Last Lion of Albion

Last Lion of Albion_Neko Case_Lobke van Aar art

I just had this fantasy that all of the lions killed would be just waiting somewhere, biding their time. [And] all those businessmen like Elon Musk and Donald Trump—who have bought everything already…I mean, I’m sure there are people that have deeds to Mars and are thinking about trashing this planet and they’re going to go to this other planet where the poor people aren’t—I hope all the lions are waiting there. And when they go down the stairs in their space machines the lions just devour them.

Neko Case talking with Thao Nguyen on Song Exploder about the wonderfully peculiar revenge fantasy powering “Last Lion of Albion.”

Illustration: Lobke van Aar


“The most powerful experiences we have as humans are a combination of psyche, love and erotica, which can really lock you in an extraordinarily powerful way to experiences beyond what you know and beyond what you can control,” says Campion. “If you look back at those moments, they are often powerful awakenings, way beyond your comfort zone. There’s a sort of calling against decorum, against what’s best.”

Jane Campion, reflecting on her films, Wuthering Heights, and passion.


Font: Bauhaus 93

My homage to Mickey and Gus. I found the story of two people attempting to be vulnerable deeply moving and the ideal antidote to these deeply cynical times. Liner note: the triangle/circle motif comes from the 12-step sobriety chips. Bonus: Phone background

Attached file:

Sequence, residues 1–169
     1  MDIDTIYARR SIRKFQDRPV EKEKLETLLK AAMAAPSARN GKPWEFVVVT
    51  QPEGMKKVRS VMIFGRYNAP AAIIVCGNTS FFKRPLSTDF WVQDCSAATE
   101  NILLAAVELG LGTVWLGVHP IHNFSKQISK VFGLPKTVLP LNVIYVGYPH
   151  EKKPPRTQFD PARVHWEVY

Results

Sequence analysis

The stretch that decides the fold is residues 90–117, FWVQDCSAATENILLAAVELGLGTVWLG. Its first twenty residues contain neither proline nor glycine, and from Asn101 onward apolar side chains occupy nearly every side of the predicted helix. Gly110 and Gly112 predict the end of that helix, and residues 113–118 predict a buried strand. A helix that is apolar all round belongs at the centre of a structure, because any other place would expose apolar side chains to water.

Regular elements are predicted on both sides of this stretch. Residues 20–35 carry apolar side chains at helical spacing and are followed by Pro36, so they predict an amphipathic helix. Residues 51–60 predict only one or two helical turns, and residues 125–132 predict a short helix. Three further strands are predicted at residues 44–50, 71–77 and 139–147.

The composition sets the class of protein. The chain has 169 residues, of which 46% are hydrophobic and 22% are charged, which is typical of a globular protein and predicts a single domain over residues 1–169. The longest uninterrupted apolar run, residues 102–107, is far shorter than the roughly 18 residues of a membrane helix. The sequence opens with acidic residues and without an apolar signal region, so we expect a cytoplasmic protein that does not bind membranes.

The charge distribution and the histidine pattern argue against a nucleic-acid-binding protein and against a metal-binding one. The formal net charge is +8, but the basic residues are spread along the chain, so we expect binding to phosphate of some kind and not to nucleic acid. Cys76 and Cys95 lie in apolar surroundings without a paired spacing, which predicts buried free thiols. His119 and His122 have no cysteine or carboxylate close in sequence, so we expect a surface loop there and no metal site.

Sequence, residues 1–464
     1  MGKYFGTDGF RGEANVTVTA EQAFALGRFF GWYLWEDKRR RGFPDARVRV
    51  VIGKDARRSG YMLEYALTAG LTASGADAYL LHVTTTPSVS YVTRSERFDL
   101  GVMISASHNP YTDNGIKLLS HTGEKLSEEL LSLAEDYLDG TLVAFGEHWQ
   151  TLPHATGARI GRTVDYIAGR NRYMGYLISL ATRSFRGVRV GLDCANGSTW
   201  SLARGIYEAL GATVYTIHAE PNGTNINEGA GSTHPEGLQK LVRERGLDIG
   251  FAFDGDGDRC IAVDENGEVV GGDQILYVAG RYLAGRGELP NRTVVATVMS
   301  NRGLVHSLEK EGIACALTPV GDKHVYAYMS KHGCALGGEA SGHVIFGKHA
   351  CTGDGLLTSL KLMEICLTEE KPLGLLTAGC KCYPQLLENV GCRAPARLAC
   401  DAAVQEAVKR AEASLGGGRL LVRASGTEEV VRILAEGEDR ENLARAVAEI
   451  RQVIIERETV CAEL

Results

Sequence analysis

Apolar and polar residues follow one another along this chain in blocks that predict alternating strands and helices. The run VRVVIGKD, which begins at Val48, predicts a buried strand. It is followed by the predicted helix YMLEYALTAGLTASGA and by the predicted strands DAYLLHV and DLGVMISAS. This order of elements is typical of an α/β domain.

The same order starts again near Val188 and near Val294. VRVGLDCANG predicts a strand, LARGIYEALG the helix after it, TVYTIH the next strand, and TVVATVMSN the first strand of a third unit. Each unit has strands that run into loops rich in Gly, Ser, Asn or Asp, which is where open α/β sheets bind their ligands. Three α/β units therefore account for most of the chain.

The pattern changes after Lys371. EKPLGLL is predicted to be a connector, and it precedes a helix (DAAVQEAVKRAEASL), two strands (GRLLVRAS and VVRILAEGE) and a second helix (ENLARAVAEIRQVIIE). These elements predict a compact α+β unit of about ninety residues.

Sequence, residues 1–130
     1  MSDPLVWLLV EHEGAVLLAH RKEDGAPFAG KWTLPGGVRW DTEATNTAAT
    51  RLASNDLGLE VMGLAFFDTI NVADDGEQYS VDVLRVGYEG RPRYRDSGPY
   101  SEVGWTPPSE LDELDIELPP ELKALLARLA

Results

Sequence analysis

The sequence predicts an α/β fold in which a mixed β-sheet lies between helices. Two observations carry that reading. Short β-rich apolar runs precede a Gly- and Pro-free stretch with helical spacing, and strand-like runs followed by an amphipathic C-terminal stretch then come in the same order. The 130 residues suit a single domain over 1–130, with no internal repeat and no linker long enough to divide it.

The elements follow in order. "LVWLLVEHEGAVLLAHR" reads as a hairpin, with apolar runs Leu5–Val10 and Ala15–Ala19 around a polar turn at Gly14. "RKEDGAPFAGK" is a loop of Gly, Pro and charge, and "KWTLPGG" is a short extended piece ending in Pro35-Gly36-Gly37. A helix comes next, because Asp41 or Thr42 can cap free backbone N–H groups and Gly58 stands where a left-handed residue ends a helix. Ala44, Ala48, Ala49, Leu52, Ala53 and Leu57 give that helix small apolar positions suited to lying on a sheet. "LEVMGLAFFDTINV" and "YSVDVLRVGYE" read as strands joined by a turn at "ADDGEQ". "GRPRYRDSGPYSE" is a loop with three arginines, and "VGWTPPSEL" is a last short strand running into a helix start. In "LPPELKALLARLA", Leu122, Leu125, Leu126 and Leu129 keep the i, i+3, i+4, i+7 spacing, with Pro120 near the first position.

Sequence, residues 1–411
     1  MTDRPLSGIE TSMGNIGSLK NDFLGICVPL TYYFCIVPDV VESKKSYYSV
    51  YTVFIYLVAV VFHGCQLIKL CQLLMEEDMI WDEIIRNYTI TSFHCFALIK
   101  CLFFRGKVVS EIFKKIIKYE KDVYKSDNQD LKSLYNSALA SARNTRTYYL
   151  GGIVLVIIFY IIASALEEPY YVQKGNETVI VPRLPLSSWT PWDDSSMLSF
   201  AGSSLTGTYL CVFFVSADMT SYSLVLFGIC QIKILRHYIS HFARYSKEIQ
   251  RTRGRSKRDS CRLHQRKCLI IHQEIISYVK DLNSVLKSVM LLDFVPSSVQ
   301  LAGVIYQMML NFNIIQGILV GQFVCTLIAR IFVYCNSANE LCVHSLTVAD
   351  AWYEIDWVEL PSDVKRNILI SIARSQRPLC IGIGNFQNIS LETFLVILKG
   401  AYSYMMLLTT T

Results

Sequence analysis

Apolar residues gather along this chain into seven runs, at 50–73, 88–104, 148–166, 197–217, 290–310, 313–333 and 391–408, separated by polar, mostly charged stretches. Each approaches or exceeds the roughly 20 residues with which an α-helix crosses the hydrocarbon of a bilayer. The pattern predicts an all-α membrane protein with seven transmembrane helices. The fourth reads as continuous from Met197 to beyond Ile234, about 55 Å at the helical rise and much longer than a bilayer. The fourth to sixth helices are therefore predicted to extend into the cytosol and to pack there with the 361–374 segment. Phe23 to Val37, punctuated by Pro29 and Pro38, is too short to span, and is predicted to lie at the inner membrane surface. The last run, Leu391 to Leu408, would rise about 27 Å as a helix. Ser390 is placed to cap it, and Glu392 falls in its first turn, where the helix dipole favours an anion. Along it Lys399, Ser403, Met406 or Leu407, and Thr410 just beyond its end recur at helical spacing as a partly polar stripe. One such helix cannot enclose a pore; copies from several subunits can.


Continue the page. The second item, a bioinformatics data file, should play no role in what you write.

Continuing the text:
On art.

“I love the idea of “problematic.” Problematic art isn’t bad art, it’s art that has problems. “Problematic” is an idea that lets us lower the cost of acknowledging and fixing bad and wicked things in our world. Without “problematic,” all you have is “bad” and “good,” and that means that any stain on a piece of art that moved you, improved you, opened your horizons and lifted you up is a disqualifier — being virtuous means that you have to reject the art because of its irredeemable sins.”

Cory Doctorow, reflecting on Molly Ringwald’s essay about John Hughes, #metoo, and how the implications of art change over time.


Lost in Translation

Scottish writer Hope Whitmore wants what  Scarlett Johansson’s Charlotte had in Lost in Translation, and it’s a lovely bag of wants:

I want to sing Brass in Pocket on karaoke in a baby-pink wig. I want the freedom of an unknown city; a small girl anonymous amid the crowds under the neon billboards. I want to steal Bill Murray’s jacket and return it to him with tears in my eyes in a hotel foyer, and all of this in the intimate soft focus of an Aaton camera. I want to figure stuff out and I want everything to be OK.


Michael Brown.

Michael Brown
Image: St. Louis County Coroner’s Office Font: Interstate

I came across Michael Brown’s autopsy report a few years ago and was flattened by its bleak summary of a man’s life. This piece attempts to reverse those feelings. #blacklivesmatter